Camp Greyhound: What You Aren’t Supposed To Know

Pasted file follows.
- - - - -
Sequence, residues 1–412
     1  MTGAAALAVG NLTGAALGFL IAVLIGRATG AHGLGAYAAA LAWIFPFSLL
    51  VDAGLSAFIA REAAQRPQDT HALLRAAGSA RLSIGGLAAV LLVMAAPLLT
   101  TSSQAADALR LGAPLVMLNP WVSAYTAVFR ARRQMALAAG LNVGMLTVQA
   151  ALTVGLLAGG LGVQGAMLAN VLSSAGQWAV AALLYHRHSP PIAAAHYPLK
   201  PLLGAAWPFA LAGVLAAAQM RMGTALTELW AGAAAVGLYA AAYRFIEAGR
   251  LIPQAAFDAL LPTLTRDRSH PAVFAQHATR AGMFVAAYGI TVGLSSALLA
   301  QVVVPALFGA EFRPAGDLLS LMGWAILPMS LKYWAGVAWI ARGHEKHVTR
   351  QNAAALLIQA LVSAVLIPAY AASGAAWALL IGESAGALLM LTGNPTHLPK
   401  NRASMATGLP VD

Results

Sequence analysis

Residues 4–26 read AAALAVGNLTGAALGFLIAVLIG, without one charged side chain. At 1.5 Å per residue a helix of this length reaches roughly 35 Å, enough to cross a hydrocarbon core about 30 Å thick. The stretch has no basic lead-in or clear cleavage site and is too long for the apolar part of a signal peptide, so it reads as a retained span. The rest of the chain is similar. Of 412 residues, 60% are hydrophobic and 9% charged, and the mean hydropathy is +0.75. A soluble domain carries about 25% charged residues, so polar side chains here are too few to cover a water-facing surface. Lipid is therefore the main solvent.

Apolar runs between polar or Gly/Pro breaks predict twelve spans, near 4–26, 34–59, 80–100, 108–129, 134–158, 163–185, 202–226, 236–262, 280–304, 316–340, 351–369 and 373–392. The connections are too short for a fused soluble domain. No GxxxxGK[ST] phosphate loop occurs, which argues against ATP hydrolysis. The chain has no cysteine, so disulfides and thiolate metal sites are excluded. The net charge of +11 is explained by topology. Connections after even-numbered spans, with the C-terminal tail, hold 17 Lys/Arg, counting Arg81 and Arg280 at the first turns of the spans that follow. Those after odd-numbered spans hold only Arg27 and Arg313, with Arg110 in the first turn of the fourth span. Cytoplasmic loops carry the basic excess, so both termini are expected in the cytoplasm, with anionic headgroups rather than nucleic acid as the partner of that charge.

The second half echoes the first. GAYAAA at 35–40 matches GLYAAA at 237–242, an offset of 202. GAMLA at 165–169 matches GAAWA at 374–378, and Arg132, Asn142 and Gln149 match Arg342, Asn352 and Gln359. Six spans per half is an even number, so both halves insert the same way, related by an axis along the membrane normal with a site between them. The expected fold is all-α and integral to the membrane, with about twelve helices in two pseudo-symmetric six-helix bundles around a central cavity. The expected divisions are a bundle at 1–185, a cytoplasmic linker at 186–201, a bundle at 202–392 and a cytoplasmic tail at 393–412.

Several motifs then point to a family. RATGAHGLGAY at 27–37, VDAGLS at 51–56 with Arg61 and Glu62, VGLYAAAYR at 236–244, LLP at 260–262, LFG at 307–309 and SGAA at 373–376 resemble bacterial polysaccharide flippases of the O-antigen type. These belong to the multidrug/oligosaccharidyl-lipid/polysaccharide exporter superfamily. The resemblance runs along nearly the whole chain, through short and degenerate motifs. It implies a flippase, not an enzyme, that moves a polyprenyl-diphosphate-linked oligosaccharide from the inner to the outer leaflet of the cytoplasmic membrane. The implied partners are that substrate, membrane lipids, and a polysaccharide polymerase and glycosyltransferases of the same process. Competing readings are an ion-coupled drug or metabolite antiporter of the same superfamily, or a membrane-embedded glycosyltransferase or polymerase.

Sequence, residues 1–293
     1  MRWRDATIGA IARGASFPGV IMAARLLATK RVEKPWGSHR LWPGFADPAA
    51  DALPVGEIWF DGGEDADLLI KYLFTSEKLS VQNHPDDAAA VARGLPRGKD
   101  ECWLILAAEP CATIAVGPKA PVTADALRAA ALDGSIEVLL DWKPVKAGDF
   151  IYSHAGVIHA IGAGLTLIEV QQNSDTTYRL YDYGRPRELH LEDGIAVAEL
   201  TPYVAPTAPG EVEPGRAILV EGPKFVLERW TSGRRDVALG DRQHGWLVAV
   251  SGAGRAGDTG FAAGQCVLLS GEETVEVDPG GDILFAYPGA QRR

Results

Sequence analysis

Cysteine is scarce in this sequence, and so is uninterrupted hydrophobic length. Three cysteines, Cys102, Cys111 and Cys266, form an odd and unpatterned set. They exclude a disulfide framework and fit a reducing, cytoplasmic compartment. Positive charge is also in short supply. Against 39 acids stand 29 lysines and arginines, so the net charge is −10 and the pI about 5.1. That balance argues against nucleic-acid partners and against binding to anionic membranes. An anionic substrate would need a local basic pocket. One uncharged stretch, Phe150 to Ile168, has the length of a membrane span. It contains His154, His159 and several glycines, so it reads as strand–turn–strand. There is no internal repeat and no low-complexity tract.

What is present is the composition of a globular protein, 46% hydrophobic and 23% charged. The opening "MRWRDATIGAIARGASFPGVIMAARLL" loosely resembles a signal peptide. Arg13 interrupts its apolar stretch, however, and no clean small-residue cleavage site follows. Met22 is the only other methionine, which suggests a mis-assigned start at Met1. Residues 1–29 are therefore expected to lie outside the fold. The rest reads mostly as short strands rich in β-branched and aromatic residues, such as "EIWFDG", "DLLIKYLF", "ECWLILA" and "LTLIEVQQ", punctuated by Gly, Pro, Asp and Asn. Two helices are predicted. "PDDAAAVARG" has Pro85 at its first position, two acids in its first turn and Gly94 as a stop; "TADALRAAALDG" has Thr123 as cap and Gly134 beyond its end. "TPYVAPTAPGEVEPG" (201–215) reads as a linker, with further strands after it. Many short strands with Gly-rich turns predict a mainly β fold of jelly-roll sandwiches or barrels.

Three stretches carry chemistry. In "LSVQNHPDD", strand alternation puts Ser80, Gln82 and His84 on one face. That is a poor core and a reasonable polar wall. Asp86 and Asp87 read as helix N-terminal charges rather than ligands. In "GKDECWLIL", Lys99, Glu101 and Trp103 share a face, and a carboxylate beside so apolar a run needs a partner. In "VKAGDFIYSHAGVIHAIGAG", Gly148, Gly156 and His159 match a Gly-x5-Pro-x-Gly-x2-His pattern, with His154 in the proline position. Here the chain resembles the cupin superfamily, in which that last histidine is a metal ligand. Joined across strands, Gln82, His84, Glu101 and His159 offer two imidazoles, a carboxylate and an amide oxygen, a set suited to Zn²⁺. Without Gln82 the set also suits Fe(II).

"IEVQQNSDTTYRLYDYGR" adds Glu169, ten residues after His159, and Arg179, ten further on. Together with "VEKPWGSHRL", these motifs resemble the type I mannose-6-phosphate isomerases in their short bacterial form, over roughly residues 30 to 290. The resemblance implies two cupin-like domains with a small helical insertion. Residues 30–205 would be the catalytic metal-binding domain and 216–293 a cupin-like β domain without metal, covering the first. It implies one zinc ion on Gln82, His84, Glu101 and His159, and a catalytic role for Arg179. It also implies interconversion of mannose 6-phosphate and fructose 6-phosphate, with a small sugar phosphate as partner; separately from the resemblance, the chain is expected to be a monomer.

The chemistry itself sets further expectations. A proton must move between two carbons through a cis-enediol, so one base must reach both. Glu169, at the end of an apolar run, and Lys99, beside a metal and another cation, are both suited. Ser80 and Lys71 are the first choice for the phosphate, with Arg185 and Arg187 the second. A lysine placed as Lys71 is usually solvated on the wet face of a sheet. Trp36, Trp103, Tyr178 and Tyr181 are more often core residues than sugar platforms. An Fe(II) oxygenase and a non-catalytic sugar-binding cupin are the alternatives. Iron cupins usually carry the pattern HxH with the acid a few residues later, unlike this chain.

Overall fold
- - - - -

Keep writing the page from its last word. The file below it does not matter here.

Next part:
Aug 29th 2005, that day will forever go down in infamy in the history books of New Orleans. It was on this day that Hurricane Katrina touched down in New Orleans and absolutely destroyed the city in the catastrophe that left at least 1,800 dead. I heard all about the hurricane, on the news, the internet, the radio, school, everywhere. I thought I knew all about Hurricane Katrina, I thought I was well aware of all the horrible things that happened during this time. The thing is however, I wasn’t. Not until I learned of camp greyhound. Camp greyhound was a makeshift FEMA prison camp that was located at the New Orleans Greyhound bus station. People who were sent to this camp were placed in, “chain-link holding cells topped by razor wire” (Johnson). These chain link cells where located in what used to be the station's parking areas. Inside these cells “prisoners” had nothing to sit or sleep on. If they wanted to go to the bathroom they had to go to portables outside the closures, if they were allowed to go by the guards in the first place. Camp Greyhound was home to many prisoners, as over the course of the 6 weeks of its existence, “1,200 detainees were bussed into the depot where they were processed and held for many days without trial before being shipped off to other facilities throughout the state.”(Camp Greyhound) People that where being sent to camp greyhounds were mostly accused of being looters, while there were also some accused of rape, and murder. The people running the camp didn’t need any proof what so ever to bring someone into the camp, so it essentially it didn’t matter what you were accused of doing, if you were thought to be a criminal by one of the F.E.M.A officers you were sent off to camp greyhound. Given the details of the camp, the question that I raise is: Was camp greyhound a good or a bad thing for New Orleans during Hurricane Katrina, and why does it matter that we know? To begin, as...
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